NEW YORK (CNNfn) - A report showing sinking consumer confidence sent U.S. stocks tumbling Tuesday amid worries that one of the economy's last strongholds, retail sales, could crack.|
The Conference Board, a private research group, said its index of consumer sentiment fell to a four-month low in August, surprising economists, who expected gains.
Stocks, which opened flat, began falling after the data's mid-morning release. In a broad selloff, only two stocks among the 30 Dow Jones industrial average components rose.
"This number is clearly the basis for our weakness," said Bryan Piskorowski, market commentator with Prudential Securities. "The economy's recovery has hinged on consumer strength, so this number becomes more significant."
Sun Microsystems fell after Goldman Sachs cut its quarterly and full-year earnings forecasts. And office furniture maker Herman Miller joined hundreds of other companies in saying that financial results could fall short.
But Wall Street focused more on the weakening consumer sentiment numbers, which came one day after other data showed surprise slowing in the housing market. The market's two days of losses wiped out most of the big gains from Friday, as Wall Street once again proved unable to sustain an advance.
"It's another reason to sell the market," Patrick Boyle, head financial trader at Credit Suisse First Boston, told CNNfn's The Money Gang, referring to the confidence numbers. "What this market really needs is a reason to buy it."
The Nasdaq composite index dipped 47.43 points, or 2.5 percent, to 1,864.98, while the Dow industrials shed 160.32, or 1.5 percent, to 10,222.03. The Standard & Poor's 500 index declined 17.70, or 1.5 percent, to 1,161.51.
More stocks fell than rose. On the New York Stock Exchange, declining issues beat advancing ones 1,874 to 1,231 as 969 million shares traded. Nasdaq losers trounced winners 2,308 to 1,343 as 1.4 billion shares traded.
In other markets, Treasury securities rose. The dollar rose against the yen and was flat versus the euro.
After gaining in April and May, retail sales have held steady this summer, keeping alive hopes that the economy can avoid recession.
But in a development that could change that, the Conference Board's index of consumer sentiment fell to 114.3 from a revised 116.3 in July.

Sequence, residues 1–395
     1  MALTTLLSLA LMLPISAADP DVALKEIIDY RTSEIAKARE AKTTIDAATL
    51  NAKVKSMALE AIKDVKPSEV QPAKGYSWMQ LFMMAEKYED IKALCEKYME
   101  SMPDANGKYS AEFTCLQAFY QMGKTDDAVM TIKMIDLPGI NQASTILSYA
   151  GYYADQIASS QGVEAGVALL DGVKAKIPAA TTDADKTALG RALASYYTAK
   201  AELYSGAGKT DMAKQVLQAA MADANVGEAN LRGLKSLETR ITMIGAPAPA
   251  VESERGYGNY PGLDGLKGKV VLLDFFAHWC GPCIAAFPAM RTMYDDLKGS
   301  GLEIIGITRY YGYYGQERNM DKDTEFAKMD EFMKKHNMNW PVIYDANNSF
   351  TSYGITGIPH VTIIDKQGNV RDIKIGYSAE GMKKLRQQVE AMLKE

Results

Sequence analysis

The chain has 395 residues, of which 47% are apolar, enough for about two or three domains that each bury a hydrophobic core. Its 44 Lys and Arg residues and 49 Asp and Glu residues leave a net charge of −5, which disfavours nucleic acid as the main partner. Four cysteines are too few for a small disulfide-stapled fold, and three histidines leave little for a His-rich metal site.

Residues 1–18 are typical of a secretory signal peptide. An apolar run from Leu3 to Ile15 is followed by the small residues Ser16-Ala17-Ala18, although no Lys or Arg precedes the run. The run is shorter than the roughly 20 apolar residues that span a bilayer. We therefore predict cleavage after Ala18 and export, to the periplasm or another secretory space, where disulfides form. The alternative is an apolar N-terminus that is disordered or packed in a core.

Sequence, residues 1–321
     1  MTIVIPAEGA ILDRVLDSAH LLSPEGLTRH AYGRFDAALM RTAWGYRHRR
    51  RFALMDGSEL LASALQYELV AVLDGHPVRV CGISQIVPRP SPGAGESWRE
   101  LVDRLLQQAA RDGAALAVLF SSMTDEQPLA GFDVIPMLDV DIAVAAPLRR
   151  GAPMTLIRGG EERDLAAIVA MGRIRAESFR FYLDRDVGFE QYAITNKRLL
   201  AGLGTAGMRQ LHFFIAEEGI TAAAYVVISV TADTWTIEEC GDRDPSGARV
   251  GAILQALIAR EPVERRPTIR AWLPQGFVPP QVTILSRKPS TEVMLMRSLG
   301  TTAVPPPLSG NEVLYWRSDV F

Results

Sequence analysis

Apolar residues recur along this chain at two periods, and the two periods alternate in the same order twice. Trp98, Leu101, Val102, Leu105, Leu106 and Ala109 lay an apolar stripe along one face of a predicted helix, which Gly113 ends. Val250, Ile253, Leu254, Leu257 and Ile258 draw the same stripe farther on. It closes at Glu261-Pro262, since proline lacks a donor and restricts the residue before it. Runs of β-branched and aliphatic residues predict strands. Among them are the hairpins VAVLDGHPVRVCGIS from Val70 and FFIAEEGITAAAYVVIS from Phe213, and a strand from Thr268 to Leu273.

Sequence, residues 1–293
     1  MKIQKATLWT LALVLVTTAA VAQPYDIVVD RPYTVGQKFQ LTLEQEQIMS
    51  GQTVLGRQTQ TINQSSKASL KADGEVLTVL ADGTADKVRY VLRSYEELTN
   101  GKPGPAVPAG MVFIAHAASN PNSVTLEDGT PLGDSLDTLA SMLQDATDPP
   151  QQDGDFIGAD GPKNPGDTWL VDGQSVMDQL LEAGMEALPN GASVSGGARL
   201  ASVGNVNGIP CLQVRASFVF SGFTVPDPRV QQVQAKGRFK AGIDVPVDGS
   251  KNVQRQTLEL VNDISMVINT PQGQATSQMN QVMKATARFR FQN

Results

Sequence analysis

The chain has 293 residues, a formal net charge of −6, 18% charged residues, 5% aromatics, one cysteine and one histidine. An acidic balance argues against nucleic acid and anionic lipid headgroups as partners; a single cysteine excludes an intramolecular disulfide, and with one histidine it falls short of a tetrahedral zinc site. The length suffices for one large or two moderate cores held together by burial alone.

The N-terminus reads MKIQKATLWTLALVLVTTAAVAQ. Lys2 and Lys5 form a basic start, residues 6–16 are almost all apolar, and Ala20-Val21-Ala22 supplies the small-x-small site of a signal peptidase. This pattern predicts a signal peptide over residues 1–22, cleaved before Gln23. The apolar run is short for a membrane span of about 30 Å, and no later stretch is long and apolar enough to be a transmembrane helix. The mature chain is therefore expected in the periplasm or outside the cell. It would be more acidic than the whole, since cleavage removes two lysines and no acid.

Economists expected a rise in consumer confidence in August, a month when energy prices fell, mortgage rates eased and the government was mailing out some of the $38 billion in tax refund checks.
But August also saw rising layoff announcements and sinking stock prices. That may have darkened sentiment.
"This will offer some partial restraint to consumer spending," Steven Wood, economist at FinancialOxygen, said of the confidence numbers.
Still, a closer look at the report reveals a potential silver lining; the expectations index rose, a sign that consumers are also hopeful going forward.
Another important economic number comes Wednesday when the government releases revised data on second-quarter gross domestic product. Economists forecast that GDP could post its first quarterly contraction in more than eight years.
Sun Microsystems (SUNW: down $0.94 to $13.56, Research, Estimates), a stock that has tumbled as much as 80 percent from its 52-week high, fell anew after Goldman Sachs cut earnings estimates for the server maker.
The Goldman analyst, Laura Conigliaro, now expects Sun's profit to come in at 1 cent per share in the current quarter, down from 2 cents.
Merrill Lynch cut office furniture maker Herman Miller's (MLHR: down $0.54 to $23.23, Research, Estimates) fiscal year 2002 earnings estimates to 64 cents per shares from $1.50. The company lowered its quarterly earnings guidance late Monday.
Among gainers, power wholesaler Enron (ENE: up $0.40 to $38.16, Research, Estimates) appointed Greg Whalley to succeed departed President and CEO Jeff Skilling as president.
Xerox Corp. (XRX: up $0.30 to $9.44, Research, Estimates) rose after Salomon Smith Barney reiterated its "outperform" rating and $12 price target.
Dow components AT&T (T: up $0.14 to $19.20, Research, Estimates) and Philip Morris (MO: up $0.09 to $47.60, Research, Estimates) were the only members of that index to rise. The Dow's biggest losers included Procter & Gamble (PG: down $1.85 to $74.99, Research, Estimates) and IBM (IBM: down $1.91 to $104.95, Research, Estimates).
The day's declines widened the Nasdaq's losses on the year to 24 percent. A broader index, the S&P 500, is now off 12 percent in 2001.
The months of losses come despite one of the Fed's most aggressive rate-cutting campaigns on record. Central bankers cut borrowing costs seven times this year.
But that won't be enough to turn around profits in the near term. Earnings at America's largest companies are expected to fall this year for the first time in a decade.
"We keep trying to see a consensus for when things will bottom out," Prudential's Piskorowski said. "But then we keep getting these numbers that would seem to undermine that."
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